• 10. Comprehension Instruction • This is a process that helps the students understand the words being read. This is one of the best definitions of comprehension because it explains it so perfectly because comprehension is how students read, this is what allows them to read. While I was researching I came across seven strategies to help students learn reading comprehension and those include: • Comprehension monitoring is basically having the students either understand what they’re reading or having them understand that they don’t understand it and then using a strategy to help fix that problem. When I think about this metacognition always comes to my mind because it is thinking about thinking. • Cooperative learning is students working on defined reading in small groups or in partners. I think this works great when you can pair up a student in special education with a peer who is above status it works in a peer tutoring way. • The uses of graphic and semantic organizers help the students with display and can really help the visual learners. This also helps the students to see different relationships on paper rather than just thinking and talking about it.
  • 11. Comprehension Instruction • Question answering is when students answer questions asked by the teacher and this also includes the teacher giving the students feedback on their answers. • Generating questions helps because the students can ask their own questions to the teacher before reading the book. When they have actually read the book the students will answer their own questions. I personally love this strategy because I use to do this all time in school and it helped me pay closer attention to what I was reading because I didn’t want to have to go back and reread everything that I read the first time. • Recognizing story starters, in my opinion is basically teaching the students story structure and then having them recognize this in a book. • Summarizing is basically retelling what happened in the text but in a shorter version. The students should focus on telling important ideas and concepts in a text. This helps teachers to determine if a student is understanding a book or not.
  • 12. Comprehension Teaching • When teaching comprehension teachers need to have strategies that teach it systematically and explicitly a couple of ways that I like the best are to: • Model and explain metacognition.(I am a huge fan of modeling!!!) • Have guided practice to guide students to assume more responsibility. • Having the students predict what could happen in a text. • Its also important that teachers should be aware that they cant rely on one comprehension strategy. Teachers need to use a variety for the students to learn. • Teaching comprehension in the context of academic areas can be effective some of the time but not always it just depends if the student has appropriate language and reading skills.
  • 13. Comprehension Instruction • There will always be a student who has a harder time learning comprehension or who may even have a learning disability and it is important to keep in mind different strategies that may be more effective and some of those include: • Having the students question what they read and the story structure. • The combination of self-questioning and text specific student enhances comprehension. • Teachers need to carefully design instruction and include modeling(extremely important!), guidance, practice, and feedback. • Direct instruction helps with positive outcomes which I have to agree with! • Whole language interventions have the least positive outcomes.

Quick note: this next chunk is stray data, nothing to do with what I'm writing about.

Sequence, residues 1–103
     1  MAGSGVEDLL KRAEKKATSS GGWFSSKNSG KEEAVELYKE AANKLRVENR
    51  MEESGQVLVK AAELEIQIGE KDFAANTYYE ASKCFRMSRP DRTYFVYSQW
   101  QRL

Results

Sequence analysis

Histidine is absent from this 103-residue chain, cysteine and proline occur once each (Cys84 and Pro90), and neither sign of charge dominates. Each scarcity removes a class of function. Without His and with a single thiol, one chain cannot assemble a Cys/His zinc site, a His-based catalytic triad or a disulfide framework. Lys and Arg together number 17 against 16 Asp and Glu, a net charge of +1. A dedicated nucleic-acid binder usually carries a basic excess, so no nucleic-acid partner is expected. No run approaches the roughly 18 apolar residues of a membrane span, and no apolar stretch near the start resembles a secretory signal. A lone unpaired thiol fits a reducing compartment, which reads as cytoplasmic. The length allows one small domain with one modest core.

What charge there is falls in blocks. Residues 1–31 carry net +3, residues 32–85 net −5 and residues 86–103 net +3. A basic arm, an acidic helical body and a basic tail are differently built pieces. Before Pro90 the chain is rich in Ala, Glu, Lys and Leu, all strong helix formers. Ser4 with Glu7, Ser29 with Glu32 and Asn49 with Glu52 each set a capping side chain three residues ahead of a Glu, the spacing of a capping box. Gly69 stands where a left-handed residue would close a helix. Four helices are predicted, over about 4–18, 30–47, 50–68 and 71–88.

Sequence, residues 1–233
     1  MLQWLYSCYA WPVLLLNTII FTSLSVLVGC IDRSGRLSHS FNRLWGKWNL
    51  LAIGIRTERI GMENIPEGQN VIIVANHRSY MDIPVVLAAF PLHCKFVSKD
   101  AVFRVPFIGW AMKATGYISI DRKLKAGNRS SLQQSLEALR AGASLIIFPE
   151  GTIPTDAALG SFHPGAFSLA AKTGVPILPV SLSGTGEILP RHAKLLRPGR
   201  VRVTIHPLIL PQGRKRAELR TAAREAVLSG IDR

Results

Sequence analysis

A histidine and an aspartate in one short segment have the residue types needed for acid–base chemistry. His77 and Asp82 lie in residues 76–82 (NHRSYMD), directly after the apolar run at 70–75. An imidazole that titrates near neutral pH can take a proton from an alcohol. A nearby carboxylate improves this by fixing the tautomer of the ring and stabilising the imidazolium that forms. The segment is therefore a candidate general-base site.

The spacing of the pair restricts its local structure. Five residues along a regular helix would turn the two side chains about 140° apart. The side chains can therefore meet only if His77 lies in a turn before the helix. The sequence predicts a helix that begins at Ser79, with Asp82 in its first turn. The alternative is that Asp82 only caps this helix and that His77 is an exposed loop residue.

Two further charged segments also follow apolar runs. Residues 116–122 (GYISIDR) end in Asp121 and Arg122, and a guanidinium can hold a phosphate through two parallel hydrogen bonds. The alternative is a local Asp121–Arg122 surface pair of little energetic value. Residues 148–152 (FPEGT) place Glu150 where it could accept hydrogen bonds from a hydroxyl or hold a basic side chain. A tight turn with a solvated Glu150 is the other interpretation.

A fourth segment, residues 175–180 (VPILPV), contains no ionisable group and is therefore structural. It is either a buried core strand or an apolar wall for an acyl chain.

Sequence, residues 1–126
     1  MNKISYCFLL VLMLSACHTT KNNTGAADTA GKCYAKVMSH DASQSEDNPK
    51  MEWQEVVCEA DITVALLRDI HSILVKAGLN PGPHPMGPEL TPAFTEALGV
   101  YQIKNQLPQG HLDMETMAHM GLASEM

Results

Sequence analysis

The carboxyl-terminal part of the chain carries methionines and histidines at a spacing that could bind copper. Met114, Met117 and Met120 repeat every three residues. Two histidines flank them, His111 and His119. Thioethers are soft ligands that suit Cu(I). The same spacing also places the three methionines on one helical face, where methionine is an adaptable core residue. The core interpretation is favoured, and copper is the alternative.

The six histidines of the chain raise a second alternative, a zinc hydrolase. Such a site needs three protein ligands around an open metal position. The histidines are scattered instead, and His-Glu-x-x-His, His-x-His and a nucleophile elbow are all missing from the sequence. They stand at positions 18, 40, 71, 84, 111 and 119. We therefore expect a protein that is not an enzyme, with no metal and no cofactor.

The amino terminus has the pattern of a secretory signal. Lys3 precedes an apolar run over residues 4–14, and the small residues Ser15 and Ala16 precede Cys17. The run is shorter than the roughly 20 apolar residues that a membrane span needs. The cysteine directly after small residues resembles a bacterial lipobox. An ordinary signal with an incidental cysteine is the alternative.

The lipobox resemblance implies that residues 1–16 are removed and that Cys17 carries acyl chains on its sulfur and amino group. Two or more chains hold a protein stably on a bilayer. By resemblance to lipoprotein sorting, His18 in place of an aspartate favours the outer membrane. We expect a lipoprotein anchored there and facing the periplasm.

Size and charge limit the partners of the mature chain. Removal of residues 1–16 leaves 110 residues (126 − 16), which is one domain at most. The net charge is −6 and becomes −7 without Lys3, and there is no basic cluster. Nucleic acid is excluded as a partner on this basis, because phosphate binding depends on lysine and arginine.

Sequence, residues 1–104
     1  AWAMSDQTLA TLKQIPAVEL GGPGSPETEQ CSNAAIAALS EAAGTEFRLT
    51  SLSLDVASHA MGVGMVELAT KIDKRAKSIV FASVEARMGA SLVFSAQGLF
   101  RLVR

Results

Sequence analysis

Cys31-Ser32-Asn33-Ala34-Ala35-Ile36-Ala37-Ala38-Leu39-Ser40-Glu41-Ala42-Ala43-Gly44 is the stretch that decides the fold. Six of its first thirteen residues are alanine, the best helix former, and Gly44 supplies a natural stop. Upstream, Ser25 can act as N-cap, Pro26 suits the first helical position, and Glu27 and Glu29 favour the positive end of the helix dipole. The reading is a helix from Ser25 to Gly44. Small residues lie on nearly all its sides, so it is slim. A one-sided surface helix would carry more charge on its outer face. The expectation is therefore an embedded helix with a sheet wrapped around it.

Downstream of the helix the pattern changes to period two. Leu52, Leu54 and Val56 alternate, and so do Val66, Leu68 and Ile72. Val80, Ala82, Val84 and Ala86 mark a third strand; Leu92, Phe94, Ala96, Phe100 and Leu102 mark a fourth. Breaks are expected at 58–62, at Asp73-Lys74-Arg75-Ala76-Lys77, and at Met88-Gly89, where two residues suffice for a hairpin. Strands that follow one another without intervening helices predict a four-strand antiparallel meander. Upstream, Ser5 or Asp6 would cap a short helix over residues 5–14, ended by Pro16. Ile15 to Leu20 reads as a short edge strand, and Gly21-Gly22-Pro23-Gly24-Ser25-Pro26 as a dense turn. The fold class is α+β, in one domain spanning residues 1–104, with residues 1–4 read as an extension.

• 14. Components of Evidence-Based Reading Instruction Objectivity What this basically means is that any educator would draw the same conclusions that they did the first time. This is important because it shouldn’t matter who is giving the test, the same result should appear. Validity This means that all of the evidence accurately reflects the strategies that were being used. I think this is very important because if a strategy isnt working the evidence would show it. Reliability This means that the results will be consistent no matter the day or time. I always tend to think of special education students and when they’re tested, usually the results are accurate no matter the time or day.
  • 15. Components of Evidence-Based Reading Instruction Systematic Data Collection This is when date is collected according to a specific design, this is basically saying that there is a method to data collection. This is important especially in special education because there are so many different tests and assessments that are done. Refereed This is when data has been approved for publication by independent reviewers. I think that this is important because this is basically saying that the data is accurate.
  • 16. Core Reading Program A core reading program is an instructional too that teachers use to teach children to read. In other words the teachers use this to make sure that the levels are being met at grade level standards. Core reading programs have been around for a while now and I personally think they are great! I like to think of these programs as a base for reading. Other strategies can be used but the core program is the main strategy.